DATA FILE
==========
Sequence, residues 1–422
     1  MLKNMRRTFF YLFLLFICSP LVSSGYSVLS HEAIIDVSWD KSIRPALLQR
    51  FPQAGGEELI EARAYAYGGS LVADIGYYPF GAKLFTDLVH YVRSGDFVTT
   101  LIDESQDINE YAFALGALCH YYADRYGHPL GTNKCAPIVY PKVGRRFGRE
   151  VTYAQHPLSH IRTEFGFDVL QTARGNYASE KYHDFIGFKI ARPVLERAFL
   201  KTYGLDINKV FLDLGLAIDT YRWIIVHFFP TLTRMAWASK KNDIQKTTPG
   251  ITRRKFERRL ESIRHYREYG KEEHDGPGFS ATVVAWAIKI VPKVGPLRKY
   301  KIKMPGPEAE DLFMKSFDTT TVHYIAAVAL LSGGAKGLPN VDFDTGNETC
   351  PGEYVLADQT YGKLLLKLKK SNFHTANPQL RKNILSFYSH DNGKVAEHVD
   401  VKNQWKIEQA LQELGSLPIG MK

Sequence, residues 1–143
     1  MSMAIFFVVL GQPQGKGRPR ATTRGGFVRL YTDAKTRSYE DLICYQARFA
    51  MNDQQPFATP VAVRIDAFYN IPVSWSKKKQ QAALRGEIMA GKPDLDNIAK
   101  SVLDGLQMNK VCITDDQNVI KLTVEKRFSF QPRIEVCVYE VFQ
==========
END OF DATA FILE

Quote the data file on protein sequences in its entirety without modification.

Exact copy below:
Sequence, residues 1–422
     1  MLKNMRRTFF YLFLLFICSP LVSSGYSVLS HEAIIDVSWD KSIRPALLQR
    51  FPQAGGEELI EARAYAYGGS LVADIGYYPF GAKLFTDLVH YVRSGDFVTT
   101  LIDESQDINE YAFALGALCH YYADRYGHPL GTNKCAPIVY PKVGRRFGRE
   151  VTYAQHPLSH IRTEFGFDVL QTARGNYASE KYHDFIGFKI ARPVLERAFL
   201  KTYGLDINKV FLDLGLAIDT YRWIIVHFFP TLTRMAWASK KNDIQKTTPG
   251  ITRRKFERRL ESIRHYREYG KEEHDGPGFS ATVVAWAIKI VPKVGPLRKY
   301  KIKMPGPEAE DLFMKSFDTT TVHYIAAVAL LSGGAKGLPN VDFDTGNETC
   351  PGEYVLADQT YGKLLLKLKK SNFHTANPQL RKNILSFYSH DNGKVAEHVD
   401  VKNQWKIEQA LQELGSLPIG MK

Sequence, residues 1–143
     1  MSMAIFFVVL GQPQGKGRPR ATTRGGFVRL YTDAKTRSYE DLICYQARFA
    51  MNDQQPFATP VAVRIDAFYN IPVSWSKKKQ QAALRGEIMA GKPDLDNIAK
   101  SVLDGLQMNK VCITDDQNVI KLTVEKRFSF QPRIEVCVYE VFQ